Thus from a background of artificial intelligence or electronic literature, the consternation caused in some circles by Bogost's 2007 book Persuasive Games, which proposed that one could use simulation games' rules as rhetorical devices, was surprising. If anything, I was expecting the opposite criticism: "sure, that's right, but this isn't new". That would've admittedly been a bit unfair, but certainly the basic idea that one can deploy procedures encoding a viewpoint, for rhetorical purposes, didn't even really raise eyebrows in my circles.

Heavy-handed symbolism

From an aesthetic/political/design perspective, it's fair to criticize some art games and persuasive games as heavy-handed. Such games can often be didactic, and one way that happens is that they aim to embed a specific lesson into a game's rules in a fairly rigid and often obvious (or obvious-once-you-see-it) manner, where the only role allocated to the player is to receive it. The fictional videogame "Global Thermonuclear War" in the 1983 film WarGames embeds a moral to its story, like a literary fable: the protagonists eventually learn from playing it that "the only way to win" at nuclear war "is not to play". That's a fictional game used as a plot device in a film, but it's a legitimate inquiry to ask whether games outside of films are also too ham-handed in their rhetoric.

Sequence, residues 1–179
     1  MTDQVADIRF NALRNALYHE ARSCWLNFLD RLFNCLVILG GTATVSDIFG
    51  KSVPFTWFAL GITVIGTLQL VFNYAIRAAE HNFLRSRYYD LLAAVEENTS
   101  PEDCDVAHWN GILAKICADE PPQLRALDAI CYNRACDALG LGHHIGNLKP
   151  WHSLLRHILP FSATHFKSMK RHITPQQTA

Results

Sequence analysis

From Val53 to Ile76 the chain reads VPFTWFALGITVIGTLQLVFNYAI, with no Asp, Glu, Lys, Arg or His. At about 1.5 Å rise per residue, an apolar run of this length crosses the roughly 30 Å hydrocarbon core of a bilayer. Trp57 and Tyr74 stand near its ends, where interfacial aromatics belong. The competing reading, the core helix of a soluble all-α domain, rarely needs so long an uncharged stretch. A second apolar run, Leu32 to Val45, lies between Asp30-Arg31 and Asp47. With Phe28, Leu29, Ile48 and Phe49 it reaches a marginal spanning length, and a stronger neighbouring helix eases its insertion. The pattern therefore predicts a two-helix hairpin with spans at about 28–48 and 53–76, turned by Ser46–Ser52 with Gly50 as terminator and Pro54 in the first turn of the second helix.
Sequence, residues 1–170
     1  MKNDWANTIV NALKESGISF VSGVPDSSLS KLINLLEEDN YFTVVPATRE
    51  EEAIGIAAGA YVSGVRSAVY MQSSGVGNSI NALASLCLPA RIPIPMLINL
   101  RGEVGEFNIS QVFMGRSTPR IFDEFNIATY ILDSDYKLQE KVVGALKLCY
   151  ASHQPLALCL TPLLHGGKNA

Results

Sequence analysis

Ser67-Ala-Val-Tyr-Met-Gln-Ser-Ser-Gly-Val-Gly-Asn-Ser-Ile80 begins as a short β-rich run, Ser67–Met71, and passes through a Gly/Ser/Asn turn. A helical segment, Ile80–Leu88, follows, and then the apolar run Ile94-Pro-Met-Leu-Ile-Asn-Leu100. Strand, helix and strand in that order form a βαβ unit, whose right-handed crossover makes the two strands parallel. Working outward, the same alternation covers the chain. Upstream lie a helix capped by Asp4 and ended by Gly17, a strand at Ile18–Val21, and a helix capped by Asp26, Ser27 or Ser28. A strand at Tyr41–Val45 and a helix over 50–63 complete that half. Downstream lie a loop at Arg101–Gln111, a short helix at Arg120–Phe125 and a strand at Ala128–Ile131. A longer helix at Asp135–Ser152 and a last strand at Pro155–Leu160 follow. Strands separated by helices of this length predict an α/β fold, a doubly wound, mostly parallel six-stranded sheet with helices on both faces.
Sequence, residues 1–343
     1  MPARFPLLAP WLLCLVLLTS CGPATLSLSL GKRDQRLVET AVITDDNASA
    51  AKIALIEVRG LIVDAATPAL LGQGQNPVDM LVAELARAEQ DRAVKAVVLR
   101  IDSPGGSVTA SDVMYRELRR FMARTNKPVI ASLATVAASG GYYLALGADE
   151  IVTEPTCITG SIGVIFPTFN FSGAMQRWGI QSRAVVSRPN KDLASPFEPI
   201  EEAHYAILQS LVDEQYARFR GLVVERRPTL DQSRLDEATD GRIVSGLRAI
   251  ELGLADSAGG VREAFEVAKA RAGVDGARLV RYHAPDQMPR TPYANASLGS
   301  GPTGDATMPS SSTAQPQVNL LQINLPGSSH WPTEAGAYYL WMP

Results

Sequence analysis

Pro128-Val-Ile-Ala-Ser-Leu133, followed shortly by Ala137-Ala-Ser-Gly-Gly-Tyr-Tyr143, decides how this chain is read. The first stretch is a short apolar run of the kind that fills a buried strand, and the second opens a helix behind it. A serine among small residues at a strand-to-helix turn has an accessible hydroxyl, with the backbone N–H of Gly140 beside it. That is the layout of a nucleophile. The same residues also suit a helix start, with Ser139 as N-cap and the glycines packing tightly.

I don't see this as a game-specific problem, however, nor as a critique of the concept of procedural rhetoric itself. Instead, I read it as opposition, aesthetically and/or politically, to certain kinds of unsubtle, didactic rhetoric in general—of which unsubtle, didactic procedural rhetoric is one variety among many.